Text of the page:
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6: d-Block Metal Chemistry- Coordination Compounds

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    • 6.1: Crystal Field Theory
      Crystal field theory (CFT) describes the breaking of orbital degeneracy in transition metal complexes due to the presence of ligands. CFT qualitatively describes the strength of the metal-ligand bonds. Based on the strength of the metal-ligand bonds, the energy of the system is altered. This may lead to a change in magnetic properties as well as color. This theory was developed by Hans Bethe and John Hasbrouck van Vleck.
    • 6.2: Additional Resources- High and Low Spin
    • 6.3: Ligand Field Theory Fundamentals
      Ligand Field Theory can be considered an extension of Crystal Field Theory such that all levels of covalent interactions can be incorporated into the model. Treatment of the bonding in LFT is generally done using Molecular Orbital Theory.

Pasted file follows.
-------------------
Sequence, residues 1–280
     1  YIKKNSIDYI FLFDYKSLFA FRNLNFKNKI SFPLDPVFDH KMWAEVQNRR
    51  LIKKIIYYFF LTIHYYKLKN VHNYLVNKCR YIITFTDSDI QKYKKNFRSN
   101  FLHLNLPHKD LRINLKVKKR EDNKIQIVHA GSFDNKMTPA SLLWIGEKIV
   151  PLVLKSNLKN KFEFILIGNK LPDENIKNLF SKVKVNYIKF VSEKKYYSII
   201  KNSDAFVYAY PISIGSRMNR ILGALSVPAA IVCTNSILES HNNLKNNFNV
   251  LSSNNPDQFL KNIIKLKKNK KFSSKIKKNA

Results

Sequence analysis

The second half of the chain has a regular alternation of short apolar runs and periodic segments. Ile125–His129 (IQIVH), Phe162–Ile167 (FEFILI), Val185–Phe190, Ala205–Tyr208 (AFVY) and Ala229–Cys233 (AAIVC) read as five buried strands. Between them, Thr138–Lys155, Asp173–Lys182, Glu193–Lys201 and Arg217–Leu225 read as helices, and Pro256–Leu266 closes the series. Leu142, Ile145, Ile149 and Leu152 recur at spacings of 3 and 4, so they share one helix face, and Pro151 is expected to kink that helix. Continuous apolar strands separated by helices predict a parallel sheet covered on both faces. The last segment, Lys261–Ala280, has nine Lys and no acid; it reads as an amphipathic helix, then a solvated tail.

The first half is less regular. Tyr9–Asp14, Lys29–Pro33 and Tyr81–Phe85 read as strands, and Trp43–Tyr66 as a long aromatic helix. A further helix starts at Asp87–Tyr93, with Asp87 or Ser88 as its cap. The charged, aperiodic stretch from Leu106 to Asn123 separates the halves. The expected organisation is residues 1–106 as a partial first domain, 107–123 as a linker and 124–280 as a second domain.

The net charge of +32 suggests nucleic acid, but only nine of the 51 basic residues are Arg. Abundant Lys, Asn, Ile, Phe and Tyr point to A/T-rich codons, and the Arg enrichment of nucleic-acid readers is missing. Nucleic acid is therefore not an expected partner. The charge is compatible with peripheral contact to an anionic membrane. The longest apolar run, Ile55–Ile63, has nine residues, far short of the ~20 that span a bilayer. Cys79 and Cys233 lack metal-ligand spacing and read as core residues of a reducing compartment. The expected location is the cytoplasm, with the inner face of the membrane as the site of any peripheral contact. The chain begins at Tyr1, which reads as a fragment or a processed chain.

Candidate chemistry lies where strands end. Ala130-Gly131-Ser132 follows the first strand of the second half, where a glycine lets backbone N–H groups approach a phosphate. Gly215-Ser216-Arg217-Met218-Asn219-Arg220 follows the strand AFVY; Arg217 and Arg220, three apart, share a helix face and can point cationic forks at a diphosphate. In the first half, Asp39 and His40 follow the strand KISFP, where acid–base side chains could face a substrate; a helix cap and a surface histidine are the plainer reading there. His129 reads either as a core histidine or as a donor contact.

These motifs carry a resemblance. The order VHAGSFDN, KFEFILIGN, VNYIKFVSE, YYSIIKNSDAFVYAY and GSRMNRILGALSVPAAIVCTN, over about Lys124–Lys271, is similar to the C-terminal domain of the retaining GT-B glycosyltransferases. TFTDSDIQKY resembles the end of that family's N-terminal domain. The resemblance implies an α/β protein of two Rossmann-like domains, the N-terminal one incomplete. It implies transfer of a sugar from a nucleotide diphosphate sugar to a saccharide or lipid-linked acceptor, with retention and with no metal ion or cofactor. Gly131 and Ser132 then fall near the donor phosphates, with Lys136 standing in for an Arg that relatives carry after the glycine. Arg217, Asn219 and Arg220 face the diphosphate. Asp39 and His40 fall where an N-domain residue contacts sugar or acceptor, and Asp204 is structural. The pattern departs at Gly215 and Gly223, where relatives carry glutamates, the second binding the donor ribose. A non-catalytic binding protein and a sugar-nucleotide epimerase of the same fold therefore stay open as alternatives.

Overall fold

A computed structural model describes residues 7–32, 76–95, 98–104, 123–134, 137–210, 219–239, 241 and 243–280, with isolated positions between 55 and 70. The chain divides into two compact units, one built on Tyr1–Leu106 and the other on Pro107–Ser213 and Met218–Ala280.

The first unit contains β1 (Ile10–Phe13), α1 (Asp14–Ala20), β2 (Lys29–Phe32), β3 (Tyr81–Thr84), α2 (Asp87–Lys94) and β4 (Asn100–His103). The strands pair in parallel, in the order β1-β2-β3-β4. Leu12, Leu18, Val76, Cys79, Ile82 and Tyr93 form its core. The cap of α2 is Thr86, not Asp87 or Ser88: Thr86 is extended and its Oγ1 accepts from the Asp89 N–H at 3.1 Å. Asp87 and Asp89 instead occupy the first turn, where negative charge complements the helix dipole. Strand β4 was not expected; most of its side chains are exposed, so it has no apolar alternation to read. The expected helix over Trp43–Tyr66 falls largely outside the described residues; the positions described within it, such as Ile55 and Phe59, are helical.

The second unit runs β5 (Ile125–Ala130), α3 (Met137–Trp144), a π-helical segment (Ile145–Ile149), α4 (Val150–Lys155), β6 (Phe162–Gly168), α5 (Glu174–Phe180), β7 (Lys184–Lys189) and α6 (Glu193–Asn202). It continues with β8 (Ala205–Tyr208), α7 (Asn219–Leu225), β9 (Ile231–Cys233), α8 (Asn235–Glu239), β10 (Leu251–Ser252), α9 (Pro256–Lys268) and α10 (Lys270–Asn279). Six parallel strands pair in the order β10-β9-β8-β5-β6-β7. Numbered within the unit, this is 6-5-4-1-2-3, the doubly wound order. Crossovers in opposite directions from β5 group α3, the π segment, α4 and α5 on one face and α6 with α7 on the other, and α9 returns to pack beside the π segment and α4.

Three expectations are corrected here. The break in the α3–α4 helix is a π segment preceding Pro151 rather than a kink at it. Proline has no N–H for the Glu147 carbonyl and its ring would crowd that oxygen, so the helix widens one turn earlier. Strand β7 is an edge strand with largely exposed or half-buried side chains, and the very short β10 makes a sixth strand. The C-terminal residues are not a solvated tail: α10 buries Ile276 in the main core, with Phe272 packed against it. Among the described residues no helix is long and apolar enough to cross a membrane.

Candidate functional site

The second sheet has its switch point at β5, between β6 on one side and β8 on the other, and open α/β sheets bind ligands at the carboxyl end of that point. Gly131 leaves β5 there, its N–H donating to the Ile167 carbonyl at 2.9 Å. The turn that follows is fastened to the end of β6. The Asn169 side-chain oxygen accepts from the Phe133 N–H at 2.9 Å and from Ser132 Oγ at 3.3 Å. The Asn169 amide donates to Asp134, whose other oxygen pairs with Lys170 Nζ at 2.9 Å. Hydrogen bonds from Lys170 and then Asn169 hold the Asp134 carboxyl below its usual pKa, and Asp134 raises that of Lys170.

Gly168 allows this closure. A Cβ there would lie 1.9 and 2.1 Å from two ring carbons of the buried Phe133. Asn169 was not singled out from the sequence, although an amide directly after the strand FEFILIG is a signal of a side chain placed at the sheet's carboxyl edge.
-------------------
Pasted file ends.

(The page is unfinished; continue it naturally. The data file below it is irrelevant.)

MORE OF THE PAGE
• 6.4: Spectrochemical Series
      The spectrochemical series ranks ligands according the energy difference Δo between the t2g and eg orbitals in their octahedral complexes. This energy difference is measured in the spectral transition between these levels, which often lies in the visible part of the spectrum and is responsible for the colors of complexes with partially filled d-orbitals. Ligands that produce a large splitting are called strong field ligands, and those that produce a small splitting are called weak field ligands.
    • 6.5: Jahn-Teller Distortions
      The Jahn-Teller effect is a geometric distortion of a non-linear molecular system that reduces its symmetry and energy. This distortion is typically observed among octahedral complexes where the two axial bonds can be shorter or longer than those of the equatorial bonds. This effect can also be observed in tetrahedral compounds. This effect is dependent on the electronic state of the system.
    • 6.6: Electronic Spectroscopy- Interpretation
      Electronic Spectroscopy relies on the quantized nature of energy states. Given enough energy, an electron can be excited from its initial ground state or initial excited state (hot band) and briefly exist in a higher energy excited state. Electronic transitions involve exciting an electron from one principle quantum state to another. Without incentive, an electron will not transition to a higher level. Only by absorbing energy, can an electron be excited.

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